The transceiver 12 includes a received signal strength indicator (RSSI) 15. The RSSI 15 is coupled to an Analog-to-Digital port on the micro-computer 16 for indicating the strength of received signals. The TDD 14 provides transmitter and receiver control signals to the transceiver 12 for causing the transceiver 12 to receive and transmit, for specified alternating periods in accordance with the CAI. Since the voice signals received by transceiver 12 are digitized, the handset 10 is subject to the above-discussed pops and noise bursts. According to the invention, the controller 16 predicts when the short pops and noise burst will occur by monitoring the RSSI line output from the radio transceiver 12. The TDD receiver control signal is provided to the controller 16 to indicate when to sample the RSSI output.
The RSSI signal indicates that a "pop" or "noise-burst" is likely to occur when RSSI is below a predetermined "mute-threshold." Thus, when the controller 16 detects that the RSSI signal drops below the mute-threshold, it quickly mutes the audio. The loss of synchronization is also predicted by keeping track of the length of time that the RSSI signal has been below the mute-threshold. Thus, the controller also acts as a timer to keep track of the length of time that the RSSI signal has been below the mute-threshold.
Referring to FIG. 2, a switch 30 represents the operation of the controller 16 in muting the audio of the handset 10. During normal operation, switch 30 is in position 1, in which the recovered ADCPM signals from transceiver 12 (via the controller 16) are applied to the transcoder 18. When the controller 16 determines that audio muting is required, a mute control signal is generated at the TDD 14, and applied to a switch 30 for placing the switch in a position 2. In position 2, the TDD 14 forces an "all zeroes" pattern (i.e., ground potential is applied) on the volume control 22 (possibly via the transcoder 18 and the CODEC 20), thus disabling the volume control 22 to mute the output audio at the speaker 24. Whenever the volume control 22 is enabled in the handset 10, the RSSI level is monitored once every 2 milliseconds.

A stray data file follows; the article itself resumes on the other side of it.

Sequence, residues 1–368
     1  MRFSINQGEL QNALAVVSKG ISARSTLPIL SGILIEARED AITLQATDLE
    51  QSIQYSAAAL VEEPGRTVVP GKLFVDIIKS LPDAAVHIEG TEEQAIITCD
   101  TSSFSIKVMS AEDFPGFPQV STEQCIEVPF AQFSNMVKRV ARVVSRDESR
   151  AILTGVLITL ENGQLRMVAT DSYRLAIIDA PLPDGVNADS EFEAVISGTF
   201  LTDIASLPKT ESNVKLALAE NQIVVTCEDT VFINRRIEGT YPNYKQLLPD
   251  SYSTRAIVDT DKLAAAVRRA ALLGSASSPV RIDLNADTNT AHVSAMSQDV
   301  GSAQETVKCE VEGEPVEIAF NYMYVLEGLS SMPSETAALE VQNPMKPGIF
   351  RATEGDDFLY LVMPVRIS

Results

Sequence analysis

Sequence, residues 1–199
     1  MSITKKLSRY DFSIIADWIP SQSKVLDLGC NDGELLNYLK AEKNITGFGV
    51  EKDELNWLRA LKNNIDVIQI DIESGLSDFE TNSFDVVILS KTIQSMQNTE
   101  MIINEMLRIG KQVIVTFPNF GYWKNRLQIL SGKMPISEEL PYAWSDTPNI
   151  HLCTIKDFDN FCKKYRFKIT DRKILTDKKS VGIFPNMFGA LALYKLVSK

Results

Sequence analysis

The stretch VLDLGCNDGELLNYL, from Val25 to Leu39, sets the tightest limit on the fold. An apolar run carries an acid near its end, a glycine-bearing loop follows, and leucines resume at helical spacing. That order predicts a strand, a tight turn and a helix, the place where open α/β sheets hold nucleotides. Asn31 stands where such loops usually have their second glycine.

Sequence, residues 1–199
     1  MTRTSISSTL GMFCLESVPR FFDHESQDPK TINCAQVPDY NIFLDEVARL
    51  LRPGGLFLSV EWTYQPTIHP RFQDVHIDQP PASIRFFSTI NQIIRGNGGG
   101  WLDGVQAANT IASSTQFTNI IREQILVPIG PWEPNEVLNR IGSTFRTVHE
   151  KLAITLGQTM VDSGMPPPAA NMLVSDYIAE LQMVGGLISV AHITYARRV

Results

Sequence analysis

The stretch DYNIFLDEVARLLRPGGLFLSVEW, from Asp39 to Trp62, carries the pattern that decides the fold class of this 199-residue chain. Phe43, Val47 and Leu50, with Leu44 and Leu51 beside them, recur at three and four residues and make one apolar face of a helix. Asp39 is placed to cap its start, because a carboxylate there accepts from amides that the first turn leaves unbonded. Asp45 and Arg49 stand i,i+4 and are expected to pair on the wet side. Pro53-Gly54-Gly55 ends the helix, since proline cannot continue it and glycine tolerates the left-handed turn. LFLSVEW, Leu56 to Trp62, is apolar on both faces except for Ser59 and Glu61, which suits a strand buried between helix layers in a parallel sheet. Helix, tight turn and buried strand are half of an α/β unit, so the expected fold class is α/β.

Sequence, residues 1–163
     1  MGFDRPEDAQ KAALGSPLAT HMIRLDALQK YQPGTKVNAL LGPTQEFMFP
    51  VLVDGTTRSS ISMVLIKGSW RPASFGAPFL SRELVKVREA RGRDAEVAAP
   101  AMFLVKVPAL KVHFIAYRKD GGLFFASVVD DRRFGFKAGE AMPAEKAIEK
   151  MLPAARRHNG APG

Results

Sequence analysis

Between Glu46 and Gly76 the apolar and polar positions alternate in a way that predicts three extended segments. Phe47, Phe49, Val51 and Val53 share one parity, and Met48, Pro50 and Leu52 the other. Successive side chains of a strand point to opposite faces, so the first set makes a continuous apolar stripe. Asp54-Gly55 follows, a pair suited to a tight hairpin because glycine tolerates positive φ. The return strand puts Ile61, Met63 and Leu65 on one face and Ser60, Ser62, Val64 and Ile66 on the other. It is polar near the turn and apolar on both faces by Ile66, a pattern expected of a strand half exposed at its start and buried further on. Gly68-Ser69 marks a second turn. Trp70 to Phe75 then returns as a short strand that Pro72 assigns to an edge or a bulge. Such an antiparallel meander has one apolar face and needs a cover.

Referring to FIG. 3, there is shown an audio muting process, in accordance with the invention, for use in a CT2 communication system. CT2 transmissions include data packets called codewords which comprise 64 bits per frame. Codewords include error detection which indicates whether a transmitted information stream is valid. Each codeword contains a 15-bit cyclic redundancy check (CRC), and a one-bit parity check to determine whether the codeword is valid.
The process begins at step 100. In step 102 threshold counter means (within the controller 16) is initialized. The counter means is maintained to indicate the length of time that RSSI has been below the mute-threshold. Whenever the RSSI is below the "mute-threshold" level, the volume control 22 is muted immediately, and the counter means is decremented. In decision 104, the controller 16 determines whether a specified number (n) of codewords were missed (i.e., received incorrectly or not at all). The number, n, is determined in accordance with the desired audio quality. If decision 104 is affirmative, a noise burst is anticipated and a mute signal is generated (step 106). The process then returns to decision 104. If decision 104 is negative, the controller waits for an interrupt request (IRQ) signal (i.e., a signal generated every two milliseconds, in response to the receive control signal produced at the TDD 14), in step 108 and the process returns to decision 104.
Referring to FIG. 4, there is shown an interrupt service routine (ISR)in accordance with the invention. In step 200 the interrupt service routine begins. In decision 202, it is determined whether a good (or valid) codeword is received during a CT2 multiplex scheme that indicates that frame synchronization is good. Several multiplexing schemes are used in CT2 communication systems depending on the mode of operation. If decision 202 is affirmative, a threshold counter is reset (step 204). Then if the audio was previously muted, it is enabled (step 206), and a return from interrupt service routine (RTI) executed by controller 16 (step 208). If decision 202 is negative, the RSSI output of the transceiver 12 is sampled (step 210). A further decision 212 is then made to determine whether the sampled RSSI level is above a predetermined threshold.